Physiker und Nobelpreisträger, Begründer der Quantenphysik (1858-1947). Eigenhändige Postkarte mit Unterschrift. Gössweinstein. Quer-8vo. 1 p.
$ 1,765 / 1.500 € (83506)

An den Physiker und Nobelpreisträger Max von Laue: „[…] Nach einigen sehr erholsamen Wochen in Amorbach wollten wir hier in der fränkischen Schweiz noch einige Tage verbringen. Die Gegend ist reizvoll u. die Verpflegung gut, aber das Wetter unfreundlich und kalt. Am 15. Abends kommen wir nach Berlin zurück und am 17. hoffe ich im Coll. zu sein. […]“

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Planck, Max

Physiker und Nobelpreisträger, Begründer der Quantenphysik (1858-1947). Autograph letter signed ("M. Planck"). (Berlin-)Grunewald. 1½ SS. auf Doppelblatt. 8vo.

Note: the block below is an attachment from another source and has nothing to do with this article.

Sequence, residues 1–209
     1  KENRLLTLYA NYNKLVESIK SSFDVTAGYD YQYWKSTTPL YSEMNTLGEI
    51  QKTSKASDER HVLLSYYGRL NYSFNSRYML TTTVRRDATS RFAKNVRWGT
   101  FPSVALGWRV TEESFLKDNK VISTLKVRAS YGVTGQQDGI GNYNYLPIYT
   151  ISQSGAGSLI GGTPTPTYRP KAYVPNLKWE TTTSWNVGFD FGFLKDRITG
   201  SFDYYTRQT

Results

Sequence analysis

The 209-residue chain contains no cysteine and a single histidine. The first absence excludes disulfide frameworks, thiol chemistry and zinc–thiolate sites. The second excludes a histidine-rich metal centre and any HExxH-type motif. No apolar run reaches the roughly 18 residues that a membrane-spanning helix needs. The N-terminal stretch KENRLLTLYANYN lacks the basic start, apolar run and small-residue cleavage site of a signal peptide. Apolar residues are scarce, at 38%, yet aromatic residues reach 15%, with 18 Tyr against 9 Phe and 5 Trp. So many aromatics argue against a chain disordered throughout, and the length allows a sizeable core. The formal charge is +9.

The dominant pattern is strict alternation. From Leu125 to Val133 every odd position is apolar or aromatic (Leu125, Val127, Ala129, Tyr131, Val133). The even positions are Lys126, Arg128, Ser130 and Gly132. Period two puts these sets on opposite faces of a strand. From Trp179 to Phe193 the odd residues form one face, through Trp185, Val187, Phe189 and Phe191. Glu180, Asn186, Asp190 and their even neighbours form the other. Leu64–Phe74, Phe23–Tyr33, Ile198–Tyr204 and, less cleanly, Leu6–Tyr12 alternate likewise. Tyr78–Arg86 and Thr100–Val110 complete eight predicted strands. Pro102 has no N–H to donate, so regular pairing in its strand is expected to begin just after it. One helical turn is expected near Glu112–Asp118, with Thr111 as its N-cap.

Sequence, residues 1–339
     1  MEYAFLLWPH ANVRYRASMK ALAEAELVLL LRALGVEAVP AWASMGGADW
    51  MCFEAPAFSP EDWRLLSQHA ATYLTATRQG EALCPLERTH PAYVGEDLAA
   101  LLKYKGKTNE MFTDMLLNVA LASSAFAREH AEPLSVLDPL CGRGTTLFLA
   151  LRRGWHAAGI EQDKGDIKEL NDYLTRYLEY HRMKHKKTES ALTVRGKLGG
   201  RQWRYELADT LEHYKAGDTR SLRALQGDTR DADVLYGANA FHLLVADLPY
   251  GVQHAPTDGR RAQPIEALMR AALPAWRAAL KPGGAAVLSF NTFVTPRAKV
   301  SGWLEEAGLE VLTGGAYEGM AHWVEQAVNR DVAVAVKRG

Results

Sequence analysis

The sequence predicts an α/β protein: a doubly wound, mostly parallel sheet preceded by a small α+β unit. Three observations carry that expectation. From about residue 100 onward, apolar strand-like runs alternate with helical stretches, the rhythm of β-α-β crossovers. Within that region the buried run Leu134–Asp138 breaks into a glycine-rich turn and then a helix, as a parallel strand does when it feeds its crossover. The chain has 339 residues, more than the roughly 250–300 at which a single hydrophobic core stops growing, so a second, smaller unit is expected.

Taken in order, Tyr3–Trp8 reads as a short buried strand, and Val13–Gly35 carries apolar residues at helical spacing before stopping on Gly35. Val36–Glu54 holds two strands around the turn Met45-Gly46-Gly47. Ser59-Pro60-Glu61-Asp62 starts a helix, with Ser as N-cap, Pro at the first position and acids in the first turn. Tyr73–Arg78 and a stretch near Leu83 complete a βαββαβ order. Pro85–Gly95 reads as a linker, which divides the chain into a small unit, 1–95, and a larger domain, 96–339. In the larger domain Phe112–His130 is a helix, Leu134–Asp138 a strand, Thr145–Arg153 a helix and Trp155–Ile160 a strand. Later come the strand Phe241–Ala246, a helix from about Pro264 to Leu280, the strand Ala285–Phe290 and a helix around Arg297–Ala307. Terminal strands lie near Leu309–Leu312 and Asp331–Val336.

$ 5,295 / 4.500 € (80990/BN52948)

To Mrs Warburg, a relative of the physicist Emil Warburg, thanking her for a letter of congratulations which has so overjoyed him that he has given his twin daughters permission to skip their appointment with their tailor in favour of accepting an invitation to visit the letter-writer: "Eigentlich weiß ich nicht, was ich stärker empfinde: die Freude oder die Ehre, die Sie mir mit Ihrem eigenhändigen Glückwunschschreiben erwiesen haben. Wie groß der Eindruck auf micht war, läßt sich nur an der Unvernunft messen, mit der ich gegen alle meine Grundsätze den Zwillingen erlaubt habe, Ihre freundliche Einladung anzunehmen und ihre wichtige Schneiderin zu versäumen; denn in solchen Dingen verstehe ich sonst keinen Spaß.

Inzwischen werden Sie wohl den Brief der Kinder empfangen haben. Gerne denke ich noch zurück an den angenehmen Abend bei Ihnen, an dem ich mich besonders freute, Ihre Käthe wieder einmal singen zu hören [...]"..

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Planck, Max

E. Brief mit U.